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Crippling disease forcing retirement for Armstrong K-9 Klif

Louis B. Ruediger
Armstrong County K-9 Officer Klif, pictured above with his handler, Detective Mark Heider, will be retired in three months because of a degenerative disease in his spine. Tuesday May 6, 2014

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Wednesday, May 7, 2014, 12:01 a.m.
 

Armstrong County K-9 Officer Klif will retire within three months because veterinarians discovered he has a degenerative disease in his spine.

Tests at the Pittsburgh Veterinary Specialty and Emergency Center in McCandless revealed that the 8-year-old German shepherd has canine degenerative myelopathy, an incurable and progressively crippling condition similar to Lou Gehrig's disease in humans.

“It's always difficult to see your partner retire under any circumstance,” said his handler, Detective Mark Heider. “You're always thinking we've got one more month, one more week, or even one more day. But the reality is Klif has a working life, which is now controlled by this disease.”

During the next three months, doctors believe the disease will weaken his hind legs to the point he will no longer be able to work. Heider took Klif to the doctors in April when Klif came up lame and he thought the dog had damaged several discs in his back.

Although doctors discovered several damaged discs, the disease is what led to weakness in his back legs.

There are no cures for the disease, and Klif's only treatment will be exercise, physical therapy and supplements, said Edward MacKillop, a neurologist and neurosurgeon at the Veterinary Specialty and Emergency Center.

Typically, it takes the disease about eight to 10 months to paralyze a dog and can eventually cause problems with brain functions, MacKillop said.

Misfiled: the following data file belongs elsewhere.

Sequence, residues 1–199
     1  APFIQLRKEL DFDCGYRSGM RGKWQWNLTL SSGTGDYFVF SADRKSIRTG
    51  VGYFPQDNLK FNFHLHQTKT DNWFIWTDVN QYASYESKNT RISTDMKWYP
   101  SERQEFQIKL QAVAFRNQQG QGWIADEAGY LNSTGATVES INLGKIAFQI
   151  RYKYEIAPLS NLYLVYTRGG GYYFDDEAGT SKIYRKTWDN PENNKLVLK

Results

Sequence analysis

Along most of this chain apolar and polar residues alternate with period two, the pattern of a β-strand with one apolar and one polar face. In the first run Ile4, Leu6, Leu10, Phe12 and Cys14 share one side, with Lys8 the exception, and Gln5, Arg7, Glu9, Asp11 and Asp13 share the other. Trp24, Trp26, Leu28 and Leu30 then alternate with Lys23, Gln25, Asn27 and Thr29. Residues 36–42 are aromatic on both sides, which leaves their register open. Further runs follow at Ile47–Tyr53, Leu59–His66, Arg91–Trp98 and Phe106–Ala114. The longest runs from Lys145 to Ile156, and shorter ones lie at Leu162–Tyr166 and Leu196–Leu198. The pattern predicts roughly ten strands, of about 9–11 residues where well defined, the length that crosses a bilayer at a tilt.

“The sad answer is there isn't much that can be done for Klif,” MacKillop said. “There's no surgical or drug treatment available, and there's also no telling how quickly the disease will spread.”

The county's only K-9 officer will continue working until retirement but will be limited to odor detection searches in relatively flat areas. He won't be able to handle slippery or rugged surfaces and is prohibited from any kind of labor-intensive patrols, Heider said.

“It all depends on how he is when we need him,” Heider said. “Klif is going to have his good days and his bad days. We just have to be patient and let him take it at his own pace.”

Heider expects Klif to live the rest of his life at his home in Sarver. His life expectancy hinges on how quickly the disease spreads.

“We're not there, but all I can say is we'll cross that bridge whenever we come to it,” Heider said. “But making sure he has a good quality of life is going to be the main focus.”

In April, Heider started the Armstrong County DA K-9 Fund at Farmers & Merchant Bank to collect donations to cover Klif's medical bills, which are expected to exceed $5,500.

The fund is now being used for Klif's ongoing treatments and possibly to purchase, train and equip another K-9 officer for the county. Officials plan to apply for grant to get a new dog, Heider said. Klif was purchased by the county six years ago with a Department of Homeland Security grant.

“The idea of taking Klif off the street is not good, but I do take comfort knowing he was able to work for six years,” Heider said. “It's hard to think about, but no matter what, we need to have a dog in Armstrong County.”

Brad Pedersen is a staff writer for Trib Total Media. He can be reached at 724-543-1303, ext. 1337, or bpedersen@tribweb.com.

 

 

 
 


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